The $1.16 trillion spending bill passed the House last week, also with broad bipartisan support, even though it ignores Trump's persistent promise to build a wall along the border with Mexico.
It passed the Senate by a 79-18 vote, and now heads to the White House for Trump's signature ahead of a Friday night deadline to fund the government or face a temporary shutdown.
The deal, which keeps federal operations running through the end of the fiscal year on September 30, was struck after weeks of tense negotiations.
It was touted as a victory by Democrats because they managed to strip several elements of Trump's wish list from the legislation.
It includes $1.5 billion in funding for increased border security measures, but no money for one of Trump's most repeated campaign pledges: construction of a border wall.
And it backs away from language that would have slashed grants to "sanctuary cities" that have vowed not to enforce strict federal immigration laws.
It also maintains spending levels for the State Department and other key government agencies that Trump had proposed gutting.
An additional $2 billion in new funding will be committed to the National Institutes of Health, while $295 million in Medicaid assistance will flow to debt-saddled Puerto Rico.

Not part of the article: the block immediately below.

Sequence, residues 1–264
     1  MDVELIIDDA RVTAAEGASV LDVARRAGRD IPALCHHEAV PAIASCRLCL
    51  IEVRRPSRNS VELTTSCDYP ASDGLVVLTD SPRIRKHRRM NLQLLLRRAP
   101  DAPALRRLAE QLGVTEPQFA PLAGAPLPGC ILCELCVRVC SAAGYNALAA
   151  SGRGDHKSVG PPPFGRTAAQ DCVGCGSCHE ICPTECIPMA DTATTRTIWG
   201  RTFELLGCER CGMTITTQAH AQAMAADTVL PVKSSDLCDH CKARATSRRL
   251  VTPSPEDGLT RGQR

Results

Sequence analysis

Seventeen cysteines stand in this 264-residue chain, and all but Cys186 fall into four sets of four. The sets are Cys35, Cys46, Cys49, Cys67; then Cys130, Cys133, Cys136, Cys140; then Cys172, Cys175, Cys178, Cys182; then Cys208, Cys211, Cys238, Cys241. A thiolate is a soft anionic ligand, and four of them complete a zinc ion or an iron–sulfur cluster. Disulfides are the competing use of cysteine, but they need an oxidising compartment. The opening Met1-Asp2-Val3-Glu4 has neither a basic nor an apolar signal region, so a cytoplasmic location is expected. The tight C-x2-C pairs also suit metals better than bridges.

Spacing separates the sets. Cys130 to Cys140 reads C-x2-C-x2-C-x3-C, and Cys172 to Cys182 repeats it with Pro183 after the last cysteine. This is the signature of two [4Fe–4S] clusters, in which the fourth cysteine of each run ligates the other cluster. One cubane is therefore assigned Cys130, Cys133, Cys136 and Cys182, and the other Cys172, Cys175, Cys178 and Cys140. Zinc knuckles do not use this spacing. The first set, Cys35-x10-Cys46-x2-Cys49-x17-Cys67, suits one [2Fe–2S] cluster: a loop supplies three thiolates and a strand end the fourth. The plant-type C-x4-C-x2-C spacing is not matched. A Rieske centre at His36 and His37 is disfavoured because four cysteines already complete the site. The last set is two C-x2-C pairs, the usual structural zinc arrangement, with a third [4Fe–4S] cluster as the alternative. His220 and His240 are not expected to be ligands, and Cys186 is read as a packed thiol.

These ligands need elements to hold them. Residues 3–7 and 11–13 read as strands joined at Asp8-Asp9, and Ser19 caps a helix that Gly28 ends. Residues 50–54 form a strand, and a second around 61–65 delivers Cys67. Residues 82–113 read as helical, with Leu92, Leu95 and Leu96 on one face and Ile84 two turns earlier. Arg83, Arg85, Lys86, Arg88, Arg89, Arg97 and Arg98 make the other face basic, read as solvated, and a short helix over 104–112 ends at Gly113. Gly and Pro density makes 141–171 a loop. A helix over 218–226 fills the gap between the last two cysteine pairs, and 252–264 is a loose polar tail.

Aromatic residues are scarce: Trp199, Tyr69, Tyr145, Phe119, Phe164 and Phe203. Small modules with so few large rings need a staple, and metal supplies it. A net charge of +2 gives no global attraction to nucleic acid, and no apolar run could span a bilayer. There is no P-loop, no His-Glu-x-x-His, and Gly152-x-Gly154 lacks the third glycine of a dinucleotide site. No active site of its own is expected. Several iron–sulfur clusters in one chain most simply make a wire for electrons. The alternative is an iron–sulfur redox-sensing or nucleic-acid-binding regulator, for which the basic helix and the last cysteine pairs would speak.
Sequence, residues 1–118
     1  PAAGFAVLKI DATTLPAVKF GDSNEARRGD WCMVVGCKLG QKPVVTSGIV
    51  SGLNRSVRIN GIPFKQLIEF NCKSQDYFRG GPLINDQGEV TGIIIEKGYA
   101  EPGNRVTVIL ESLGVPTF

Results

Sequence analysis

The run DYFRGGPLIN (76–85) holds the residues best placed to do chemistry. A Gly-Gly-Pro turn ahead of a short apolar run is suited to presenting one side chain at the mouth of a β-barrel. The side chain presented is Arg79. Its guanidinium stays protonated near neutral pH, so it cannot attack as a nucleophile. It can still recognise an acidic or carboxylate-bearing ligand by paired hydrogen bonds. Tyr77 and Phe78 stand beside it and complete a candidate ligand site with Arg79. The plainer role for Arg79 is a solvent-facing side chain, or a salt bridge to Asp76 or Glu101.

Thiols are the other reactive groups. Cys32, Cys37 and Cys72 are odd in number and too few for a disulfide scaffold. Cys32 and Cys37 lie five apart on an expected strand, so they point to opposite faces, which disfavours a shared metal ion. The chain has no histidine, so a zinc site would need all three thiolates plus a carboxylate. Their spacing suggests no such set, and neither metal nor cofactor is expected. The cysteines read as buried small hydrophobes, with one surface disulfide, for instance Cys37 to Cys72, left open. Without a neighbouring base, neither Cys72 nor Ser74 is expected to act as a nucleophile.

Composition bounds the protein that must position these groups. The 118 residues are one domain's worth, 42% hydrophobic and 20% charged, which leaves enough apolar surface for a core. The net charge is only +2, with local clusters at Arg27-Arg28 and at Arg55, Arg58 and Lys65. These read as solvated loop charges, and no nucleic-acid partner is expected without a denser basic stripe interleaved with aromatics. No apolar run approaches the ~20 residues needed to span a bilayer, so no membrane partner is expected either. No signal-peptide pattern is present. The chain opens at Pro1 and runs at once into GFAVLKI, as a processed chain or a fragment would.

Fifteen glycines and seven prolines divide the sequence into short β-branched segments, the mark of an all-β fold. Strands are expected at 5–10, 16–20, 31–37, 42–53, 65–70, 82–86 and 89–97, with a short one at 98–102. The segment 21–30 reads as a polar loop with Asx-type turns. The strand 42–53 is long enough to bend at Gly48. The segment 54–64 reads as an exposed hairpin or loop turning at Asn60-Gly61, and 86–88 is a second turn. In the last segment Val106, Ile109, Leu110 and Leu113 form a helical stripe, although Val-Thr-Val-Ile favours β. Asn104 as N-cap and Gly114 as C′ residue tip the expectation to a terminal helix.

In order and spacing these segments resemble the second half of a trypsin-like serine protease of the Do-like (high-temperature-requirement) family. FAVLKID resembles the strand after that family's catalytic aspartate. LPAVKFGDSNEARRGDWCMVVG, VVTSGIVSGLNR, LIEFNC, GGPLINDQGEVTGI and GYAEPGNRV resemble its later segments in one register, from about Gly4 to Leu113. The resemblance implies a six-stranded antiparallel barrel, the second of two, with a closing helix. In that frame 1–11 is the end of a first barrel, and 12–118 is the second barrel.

Republicans claim victory because the measure boosts military funding, breaking the longstanding Democratic position that new spending must be equally split among defense and non-defense expenditures.
Of the trillion dollars in the bill's discretionary spending, $598.5 billion is slated for defense -- an increase of $25 billion, or 4.5 percent, above fiscal year 2016 levels.
Trump appeared frustrated by the perception that Democrats had rolled the White House and Republican majority on the funding deal.
Earlier this week he tweeted that "Our country needs a good 'shutdown' in September to fix mess!"
But he appeared to embrace the agreement in later comments, calling it a "clear win" for the American people.
Negotiators included 2,500 additional visas to Afghan interpreters and support staff who worked with US forces in Afghanistan.
They also agreed to expand the number of temporary visas to foreign workers, particularly those who do seasonal work at US vacation resorts.
Analysts have criticized the provision, saying it undermines Trump's own pledge to protect American jobs from foreign competitors.
(This story has not been edited by NDTV staff and is auto-generated from a syndicated feed.)
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